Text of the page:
There’s no way around it–the miracle of Christmas is a trinitarian event through and through. Contemplating the baby born of the virgin Mary, sleeping in the manger in 1st Century Bethlehem, eventually will draw you into eternity to worship the Triune God, Father, Son, and Holy Spirit. As I was reading Christopher Holmes’ excellent new work on the Holy Spirit this week, I ran across a fantastic passage where he is draws out some of the implications of Augustine’s theology of the Trinity by illustrating them by way of the virgin birth:
Jesus is conceived in the power of the Holy Spirit. His earthly birth points to his heavenly birth; his mission reiterates his procession. He is born in the Spirit in time, conceived in the Spirit, who is the Father’s love for him, and throughout his life is filled with the Spirit, who enables him to be who he is even in death, the Son of God. Thus the Son’s mission of obedience reflects the Son’s generation from the Father, who in generating him gives him his Spirit, the same Spirit whom the Son pours out on all flesh and who is “proper” to the Son as one eternally born of the Father. This is the Father who eternally generates the Son in the Spirit. Accordingly, the Spirit is the love of the begetter for the begotten; and the begotten for the begetter.
– Christopher Holmes, The Holy Spirit (New Studies in Dogmatics), 77-78.*
Now, there are a number of fascinating threads to tease out in this dense passage.
First, we must remember that all of God’s acts are Triune acts, even the ones we typically associate with one of the persons. As the old principle has it, all of the Trinity’s works outside the Trinity (Creation, Redemption, and Consummation), are indivisibly those of the whole Trinity. How could it be otherwise if the three persons truly are the One God? But it’s also important to note that there is a trinitarian unity displayed in the indivisible works in history such that we begin to see the outlines of God’s inward, eternal life as Father, Son, and Spirit. In fact, it’s God’s work in history as we have it in the New Testament that originally forced the Church to recognize that God is eternally triune.
Second comes the issue of the “processions.” Augustine (and I’d argue, the New Testament) teaches us that the persons of the Trinity, while being one God, are distinguished from one another by “relations of eternal origin.” In other words, in all eternity, God has been self-related as Father, Son, and Holy Spirit such that there are patterns of relations between the persons. The eternal “processions” of the Son and the Spirit (God does not become a Trinity) are the key realities distinguishing God’s internal life. Classically, it’s been said that the Son proceeds from or is “begotten” or “generated” by the Father (fathers beget sons), the Spirit is “breathed out” or proceeds from the Father and/through the Son, and the Father is the eternal source who proceeds from no one. This is who the persons are–their relations are their identities and so forth.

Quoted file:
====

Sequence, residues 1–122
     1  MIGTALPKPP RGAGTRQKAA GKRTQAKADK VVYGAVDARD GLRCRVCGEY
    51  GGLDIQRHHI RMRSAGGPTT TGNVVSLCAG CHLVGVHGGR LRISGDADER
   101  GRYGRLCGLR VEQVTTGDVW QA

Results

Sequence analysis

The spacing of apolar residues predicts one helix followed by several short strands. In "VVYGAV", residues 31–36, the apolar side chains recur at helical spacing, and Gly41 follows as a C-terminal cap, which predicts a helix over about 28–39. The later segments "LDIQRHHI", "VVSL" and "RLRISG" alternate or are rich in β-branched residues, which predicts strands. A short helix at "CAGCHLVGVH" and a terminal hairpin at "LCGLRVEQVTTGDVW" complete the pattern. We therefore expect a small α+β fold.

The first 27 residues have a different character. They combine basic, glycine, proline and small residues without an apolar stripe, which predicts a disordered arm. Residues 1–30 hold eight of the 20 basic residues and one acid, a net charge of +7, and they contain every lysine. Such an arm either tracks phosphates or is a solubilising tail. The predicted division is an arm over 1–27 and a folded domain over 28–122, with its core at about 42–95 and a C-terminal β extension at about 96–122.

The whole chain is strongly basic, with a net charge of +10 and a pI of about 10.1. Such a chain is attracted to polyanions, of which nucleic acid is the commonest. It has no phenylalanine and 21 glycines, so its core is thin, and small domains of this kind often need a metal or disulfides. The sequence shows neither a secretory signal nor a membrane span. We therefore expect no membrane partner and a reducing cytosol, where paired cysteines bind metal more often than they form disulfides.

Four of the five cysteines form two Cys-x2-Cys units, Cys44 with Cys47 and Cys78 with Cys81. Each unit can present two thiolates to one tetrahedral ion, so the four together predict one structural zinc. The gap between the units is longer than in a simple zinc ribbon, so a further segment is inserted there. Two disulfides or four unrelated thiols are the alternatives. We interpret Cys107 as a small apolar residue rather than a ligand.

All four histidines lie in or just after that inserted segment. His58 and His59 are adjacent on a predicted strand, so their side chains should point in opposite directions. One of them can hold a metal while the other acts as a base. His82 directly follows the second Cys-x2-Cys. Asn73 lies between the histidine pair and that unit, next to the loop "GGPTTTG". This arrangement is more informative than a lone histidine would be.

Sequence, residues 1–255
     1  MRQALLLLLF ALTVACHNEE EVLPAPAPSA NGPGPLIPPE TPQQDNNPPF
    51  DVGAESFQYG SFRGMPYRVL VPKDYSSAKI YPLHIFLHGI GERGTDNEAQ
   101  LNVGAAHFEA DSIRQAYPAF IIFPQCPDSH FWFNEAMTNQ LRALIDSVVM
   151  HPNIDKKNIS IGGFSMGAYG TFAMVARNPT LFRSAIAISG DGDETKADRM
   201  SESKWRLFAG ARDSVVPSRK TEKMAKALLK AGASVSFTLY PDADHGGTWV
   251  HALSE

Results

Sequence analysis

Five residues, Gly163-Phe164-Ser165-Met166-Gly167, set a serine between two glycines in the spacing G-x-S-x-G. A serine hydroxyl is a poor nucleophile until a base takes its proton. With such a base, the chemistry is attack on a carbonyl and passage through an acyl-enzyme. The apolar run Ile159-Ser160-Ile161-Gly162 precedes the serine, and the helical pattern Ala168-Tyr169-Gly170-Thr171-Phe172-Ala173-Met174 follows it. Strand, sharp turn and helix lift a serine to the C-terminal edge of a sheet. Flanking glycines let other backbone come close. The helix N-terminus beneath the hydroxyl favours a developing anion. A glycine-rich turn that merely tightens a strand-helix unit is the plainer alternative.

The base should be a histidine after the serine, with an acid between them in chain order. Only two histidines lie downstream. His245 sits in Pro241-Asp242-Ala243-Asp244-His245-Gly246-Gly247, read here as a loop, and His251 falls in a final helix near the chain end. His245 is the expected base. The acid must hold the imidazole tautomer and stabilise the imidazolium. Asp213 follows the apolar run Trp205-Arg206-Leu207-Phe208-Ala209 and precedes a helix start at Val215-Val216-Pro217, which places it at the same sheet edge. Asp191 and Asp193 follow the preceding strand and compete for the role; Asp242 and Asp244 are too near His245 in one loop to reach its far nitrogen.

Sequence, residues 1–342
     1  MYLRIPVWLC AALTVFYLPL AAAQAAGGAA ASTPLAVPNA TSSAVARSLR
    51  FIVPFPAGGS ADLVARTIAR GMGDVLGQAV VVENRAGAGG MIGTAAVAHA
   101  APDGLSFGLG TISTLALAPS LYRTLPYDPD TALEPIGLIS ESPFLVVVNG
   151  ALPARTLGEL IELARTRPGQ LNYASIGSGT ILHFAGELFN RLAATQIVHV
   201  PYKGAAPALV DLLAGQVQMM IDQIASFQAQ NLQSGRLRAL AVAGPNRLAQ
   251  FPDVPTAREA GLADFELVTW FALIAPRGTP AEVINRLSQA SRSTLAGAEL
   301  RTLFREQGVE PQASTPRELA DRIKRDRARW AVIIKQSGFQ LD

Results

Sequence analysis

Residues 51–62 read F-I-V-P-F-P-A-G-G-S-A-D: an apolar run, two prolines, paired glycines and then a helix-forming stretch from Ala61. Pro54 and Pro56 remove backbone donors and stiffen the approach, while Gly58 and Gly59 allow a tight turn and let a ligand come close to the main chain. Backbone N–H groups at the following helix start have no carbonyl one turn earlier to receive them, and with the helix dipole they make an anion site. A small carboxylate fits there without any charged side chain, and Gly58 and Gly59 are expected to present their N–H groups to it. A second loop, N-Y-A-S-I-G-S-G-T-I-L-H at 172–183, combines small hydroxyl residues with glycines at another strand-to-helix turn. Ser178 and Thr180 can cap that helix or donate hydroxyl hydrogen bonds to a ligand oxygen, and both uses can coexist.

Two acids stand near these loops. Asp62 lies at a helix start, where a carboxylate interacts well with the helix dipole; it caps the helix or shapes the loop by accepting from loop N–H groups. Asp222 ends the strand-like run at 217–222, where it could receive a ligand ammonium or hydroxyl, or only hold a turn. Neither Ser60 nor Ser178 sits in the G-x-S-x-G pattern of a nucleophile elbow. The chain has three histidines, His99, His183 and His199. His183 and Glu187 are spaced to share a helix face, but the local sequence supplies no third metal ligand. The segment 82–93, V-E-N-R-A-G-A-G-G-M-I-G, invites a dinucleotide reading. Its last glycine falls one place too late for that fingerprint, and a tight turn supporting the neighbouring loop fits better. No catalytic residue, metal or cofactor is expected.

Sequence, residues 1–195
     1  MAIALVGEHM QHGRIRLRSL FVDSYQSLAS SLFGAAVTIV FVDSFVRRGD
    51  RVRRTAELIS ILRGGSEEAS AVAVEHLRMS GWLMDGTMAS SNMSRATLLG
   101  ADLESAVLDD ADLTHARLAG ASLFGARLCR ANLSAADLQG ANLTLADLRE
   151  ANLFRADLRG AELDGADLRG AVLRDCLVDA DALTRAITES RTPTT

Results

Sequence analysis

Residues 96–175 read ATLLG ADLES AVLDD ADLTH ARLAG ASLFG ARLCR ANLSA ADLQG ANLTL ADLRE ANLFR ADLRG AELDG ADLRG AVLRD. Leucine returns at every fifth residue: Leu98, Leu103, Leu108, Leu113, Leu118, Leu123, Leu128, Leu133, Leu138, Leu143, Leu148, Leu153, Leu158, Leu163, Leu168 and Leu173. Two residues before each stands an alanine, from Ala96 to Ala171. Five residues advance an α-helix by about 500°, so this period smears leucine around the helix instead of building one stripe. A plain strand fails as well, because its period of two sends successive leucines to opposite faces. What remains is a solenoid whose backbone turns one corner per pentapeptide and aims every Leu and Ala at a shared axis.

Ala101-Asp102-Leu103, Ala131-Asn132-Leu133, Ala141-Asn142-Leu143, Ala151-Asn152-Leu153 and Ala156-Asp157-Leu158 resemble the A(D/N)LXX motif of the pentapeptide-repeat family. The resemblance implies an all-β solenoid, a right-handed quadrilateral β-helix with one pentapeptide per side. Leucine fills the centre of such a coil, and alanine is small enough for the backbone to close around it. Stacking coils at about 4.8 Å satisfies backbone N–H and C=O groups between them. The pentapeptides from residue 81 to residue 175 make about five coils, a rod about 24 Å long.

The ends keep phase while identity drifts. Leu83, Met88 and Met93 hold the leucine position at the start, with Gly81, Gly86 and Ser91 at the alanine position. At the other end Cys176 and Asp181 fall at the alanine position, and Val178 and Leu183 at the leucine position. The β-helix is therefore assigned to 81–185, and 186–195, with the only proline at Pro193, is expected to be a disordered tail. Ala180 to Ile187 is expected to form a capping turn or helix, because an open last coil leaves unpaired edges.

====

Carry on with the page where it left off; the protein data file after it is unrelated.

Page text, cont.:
Third, as already noted, there is a close relationship between who God is in eternity and who he shows us he is in history. When God works in history, while we don’t see all that God is in his eternity, we do see truly who and what God is. To put it another way, when the Son and the Spirit are revealed to us in their “missions” in history (becoming incarnate, being sent by the Father and Son to the church, etc), these missions map onto or are indicative of the eternal processions. There is fit between them. There is something about who the Son is in relation to the Father in eternity that makes it suitable that he specifically is the person who becomes incarnate for our salvation. The one who is eternally begotten by the Father above is now begotten below without a human father. So while God is not reducible to what he does in history, what he does in history reflects the glory of God’s eternally resplendent being.
Fourth, in the Western tradition, especially after Augustine, the Church has recognized that the Holy Spirit’s proceeding from the Father is not apart from the Son. In fact, the Nicene Creed teaches that he proceeds “from the Father and from the Son.” This is because in Scripture he is shown to be sent by both Father and Son (cf. John 14:16, 15:26; 16:7), and is often referred to as both the Spirit of the Father and the Spirit of the Son (Acts 16:7; Phil. 1:19). So if the Son also sends the Spirit in history and the Spirit is that of the Son, that points to the Spirit’s procession coming from the Son as well as from the Father, though in a unique, differentiated way.
Now, Augustine adds another dimension to this. He says that the Spirit is not only the Spirit of Son and Father, coequal with both, eternally one with them, God proceeding from God, but on the basis of some key texts, that the Spirit’s unique processions ought to be thought of as the love of Father and Son. All of this transcends human speech, of course, but the Spirit is the Love of God for God–he is the Love that God is, precisely as the love of the Father and the Son.
In which case, there are multiple dimensions of depth to that classic hymn, “Of the Father’s Love Begotten.” The Son is eternally begotten in the love of the Father “ere the worlds began to be.” The Son is begotten in time, born of a virgin (“that birth forever blessed”) by the Father’s love for his wayward creation. But this happened, “by the Holy Ghost conceiving”, God’s own Love is the agent of Christ’s mysterious, miraculous appearing. Of the Father’s Love begotten, indeed.
In the virgin birth, we don’t simply have a neat trick, then, a cool miracle proving that Jesus is God, but rather a sign, a mirror refulgent with glory of the Holy Trinity.
Soli Deo Gloria
*For those curious about Holmes’ work, I commend this post to you whereby he introduces his project.